Translaminar activity of abamectin was studied during 1992-1994 on apple. Malus X domestica Borkhauser, and pear, Pyrus communis L. Field-aged residues were bioassayed from the top or bottom leaf surface of apple and pear after atomizer application to the top or bottom surface, or handgun application to both surfaces. Tetranychus urticae Koch was used as the test organism with the exception of 1 experiment, which included Panonychus ulmi (Koch). Abamectin showed little translaminar activity on apple regardless of the leaf surface to which it was applied. There was preferential absorption by the bottom leaf surface, which resulted in higher levels of mortality for mites feeding on the bottom surface when this was also the treated surface (bottom/bottom [surface treated/surface assayed]). Mortality caused by other combinations (bottom/top, top/bottom, top/top) was minimal. Mortality from assays conducted on the bottom surface was also higher in the apple/handgun experiments. Translaminar activity was greater on pear, but primarily through the bottom leaf surface. The degree of translaminar movement was sufficient to cause comparable levels of mortality on both the top and bottom surfaces when applied solely to the bottom surface. There was no difference in mortality between the 2 mite species when assayed on the same leaf surface. However, based on control mortality and runoff, the bottom leaf surface of apple and pear is a more favorable habitat for T urticae than the top surface, whereas the opposite is true for P ulmi. The implications of mite host preference, feeding behavior, and differential absorption of abamectin are discussed.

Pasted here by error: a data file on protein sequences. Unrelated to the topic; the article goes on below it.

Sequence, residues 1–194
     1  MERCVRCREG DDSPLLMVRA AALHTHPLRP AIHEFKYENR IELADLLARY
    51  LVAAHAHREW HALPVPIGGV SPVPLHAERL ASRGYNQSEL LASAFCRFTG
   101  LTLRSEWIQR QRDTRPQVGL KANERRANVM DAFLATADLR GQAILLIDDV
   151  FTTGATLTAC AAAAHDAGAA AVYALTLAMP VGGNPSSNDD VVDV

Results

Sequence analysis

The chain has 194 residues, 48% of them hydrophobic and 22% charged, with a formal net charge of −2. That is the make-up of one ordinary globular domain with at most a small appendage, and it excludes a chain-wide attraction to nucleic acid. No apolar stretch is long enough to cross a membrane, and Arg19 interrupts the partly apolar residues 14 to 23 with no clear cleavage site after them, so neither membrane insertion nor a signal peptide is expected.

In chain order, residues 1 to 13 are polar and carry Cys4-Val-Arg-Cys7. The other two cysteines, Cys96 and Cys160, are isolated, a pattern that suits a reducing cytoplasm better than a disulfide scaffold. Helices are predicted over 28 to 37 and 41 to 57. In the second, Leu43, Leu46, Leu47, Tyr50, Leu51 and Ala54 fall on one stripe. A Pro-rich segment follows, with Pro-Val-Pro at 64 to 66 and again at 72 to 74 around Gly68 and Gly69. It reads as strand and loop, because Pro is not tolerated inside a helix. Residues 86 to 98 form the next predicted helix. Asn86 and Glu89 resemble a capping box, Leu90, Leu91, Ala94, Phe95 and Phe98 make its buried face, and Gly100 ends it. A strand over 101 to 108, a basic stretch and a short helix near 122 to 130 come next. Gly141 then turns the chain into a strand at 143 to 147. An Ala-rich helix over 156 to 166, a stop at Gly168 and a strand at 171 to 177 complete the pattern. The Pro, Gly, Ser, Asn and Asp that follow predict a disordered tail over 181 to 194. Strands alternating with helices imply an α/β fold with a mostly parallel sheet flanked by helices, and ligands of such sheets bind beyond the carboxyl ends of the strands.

Document Type: Research Article
Publication date: April 1, 1997
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Journal of Economic Entomology is published bimonthly in February, April, June, August, October, and December. The journal publishes articles on the economic significance of insects and is divided into the following sections: apiculture & social insects; arthropods in relation to plant disease; forum; insecticide resistance and resistance management; ecotoxicology; biological and microbial control; ecology and behavior; sampling and biostatistics; household and structural insects; medical entomology; molecular entomology; veterinary entomology; forest entomology; horticultural entomology; field and forage crops, and small grains; stored-product; commodity treatment and quarantine entomology; and plant resistance. In addition to research papers, Journal of Economic Entomology publishes Letters to the Editor, interpretive articles in a Forum section, Short Communications, Rapid Communications, and Book Reviews.